Ten more felony counts were filed last week against Joe Zurita, a Reseda contractor who was arrested after an angry customer tied him up and called police.
Zurita, 33, who previously was charged with eight felony counts by the Los Angeles County district attorney's office, pleaded guilty May 13 to one count each of grand theft and illegally using another contractor's license number. Each count carries a maximum three-year prison sentence. Zurita is scheduled to be sentenced on that conviction June 10.
The latest charges, filed by the Glendale district attorney, resulted from a 10-week investigation by the Glendale Police Department and the San Gabriel Valley office of the Contractors State License Board. Seven counts were for grand theft and the others accuse Zurita of illegally using another contractor's license number.
'A Common Scheme'
The charges stem from seven construction jobs Zurita failed to complete between July, 1986, and last January in Glendale, La Canada, Encino, Northridge and the Westside, Glendale Detective David O'Connor said.
Zurita's customers allege that substantially no work was done after they gave him cash advances to retile or construct a swimming pool, lay a new driveway or build a wall. The seven cases, O'Connor said, show "a common scheme and design."
Although by law, contractors can collect only 10% of their fee as a down payment, Zurita regularly requested and received 33% to 50% of the total cost in advance, O'Connor said. The down payments ranged from $500 to $3,500 and totaled $17,000 for the seven jobs, he said.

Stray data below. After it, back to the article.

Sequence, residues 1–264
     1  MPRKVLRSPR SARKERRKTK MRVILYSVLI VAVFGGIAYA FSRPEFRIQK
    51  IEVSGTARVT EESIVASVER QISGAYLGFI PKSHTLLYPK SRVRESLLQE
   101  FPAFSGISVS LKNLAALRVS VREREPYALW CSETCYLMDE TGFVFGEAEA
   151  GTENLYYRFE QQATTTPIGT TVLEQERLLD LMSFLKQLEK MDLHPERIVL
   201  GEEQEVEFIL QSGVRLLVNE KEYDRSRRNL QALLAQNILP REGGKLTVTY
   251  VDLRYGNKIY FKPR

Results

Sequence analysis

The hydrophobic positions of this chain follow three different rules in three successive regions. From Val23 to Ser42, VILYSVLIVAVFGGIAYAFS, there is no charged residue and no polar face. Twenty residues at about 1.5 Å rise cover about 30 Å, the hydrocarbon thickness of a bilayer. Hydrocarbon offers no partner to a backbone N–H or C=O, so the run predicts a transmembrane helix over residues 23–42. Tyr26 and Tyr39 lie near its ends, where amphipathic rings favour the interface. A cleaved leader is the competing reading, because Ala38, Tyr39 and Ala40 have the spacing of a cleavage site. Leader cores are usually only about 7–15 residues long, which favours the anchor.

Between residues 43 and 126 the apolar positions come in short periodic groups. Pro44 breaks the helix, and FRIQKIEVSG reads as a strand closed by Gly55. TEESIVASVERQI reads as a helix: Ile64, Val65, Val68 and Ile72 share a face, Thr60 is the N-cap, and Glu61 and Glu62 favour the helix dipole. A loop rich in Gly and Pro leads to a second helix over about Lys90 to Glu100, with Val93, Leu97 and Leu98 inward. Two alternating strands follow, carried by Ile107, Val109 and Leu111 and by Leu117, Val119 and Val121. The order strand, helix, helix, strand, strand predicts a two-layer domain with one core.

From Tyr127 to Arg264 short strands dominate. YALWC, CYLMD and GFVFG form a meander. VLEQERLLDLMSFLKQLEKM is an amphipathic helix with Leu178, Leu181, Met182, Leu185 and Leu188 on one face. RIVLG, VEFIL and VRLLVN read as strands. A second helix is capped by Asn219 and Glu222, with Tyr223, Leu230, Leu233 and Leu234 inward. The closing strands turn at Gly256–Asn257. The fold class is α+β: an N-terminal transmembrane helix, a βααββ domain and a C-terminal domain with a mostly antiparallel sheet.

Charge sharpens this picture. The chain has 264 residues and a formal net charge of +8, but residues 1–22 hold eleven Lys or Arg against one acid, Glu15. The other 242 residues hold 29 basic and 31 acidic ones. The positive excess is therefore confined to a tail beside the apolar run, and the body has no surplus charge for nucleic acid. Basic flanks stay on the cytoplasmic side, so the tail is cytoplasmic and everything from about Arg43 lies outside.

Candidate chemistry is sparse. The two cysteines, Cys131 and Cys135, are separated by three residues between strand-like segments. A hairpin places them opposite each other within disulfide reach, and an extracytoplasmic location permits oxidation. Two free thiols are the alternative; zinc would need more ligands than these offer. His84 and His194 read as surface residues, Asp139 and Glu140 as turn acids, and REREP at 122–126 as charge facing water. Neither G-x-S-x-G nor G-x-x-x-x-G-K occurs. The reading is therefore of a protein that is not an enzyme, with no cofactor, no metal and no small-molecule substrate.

Zurita, who did not have a contractor's license, used the license numbers of several other contractors without their knowledge, O'Connor said. In a civil action last month, Zurita was fined $7,500 by the Contractors State License Board on three counts of contracting without a license.
Zurita's case is unusual because of the large number of complaints and the criminal charges, officials said. Felony charges are rarely filed in such cases because prosecutors must show a pattern or other circumstances that prove a contractor intended to defraud.
Zurita's apprehension was also extraordinary. Scoey Mitchlll of Glendale, a former actor and television producer, said he had decided to "sting" Zurita after he said the contractor bilked him out of $2,500. Mitchlll said he gave Zurita a 33% down payment for a $7,500 wall around his new spa but was unable to get him to complete the work or return his calls.
As Mitchlll told it, he had another man, Tom Ellis, lure Zurita to an Eagle Rock home March 13 for an estimate on a bogus job. As prearranged, Mitchlll appeared and demanded his money. Zurita responded that he was having personal problems. Mitchlll, saying he had heard enough excuses, roped Zurita's feet together, tied him to a "no parking" sign and called police.
While waiting for the police, Mitchlll and Ellis say, they stumbled upon some of Zurita's papers listing names and phone numbers of other customers.
The list led police and the contractors' board to other potential victims.
"I think it's dastardly when you start betraying trust," said Mitchlll, who was a regular on such television shows as "Rhoda" and "Barefoot in the Park" and is president of a television production company.
Mitchlll's action led to more immediate problems for Zurita. After arresting him, police discovered several traffic warrants against the contractor. He now is serving a 381-day sentence in County Jail for a drunk-driving conviction and was sentenced to 180 days in jail after pleading no contest to a hit-and-run charge April 15.
Zurita's former customers say he was an ingratiating man who called them "buddy" and offered to start work immediately because "things are slow."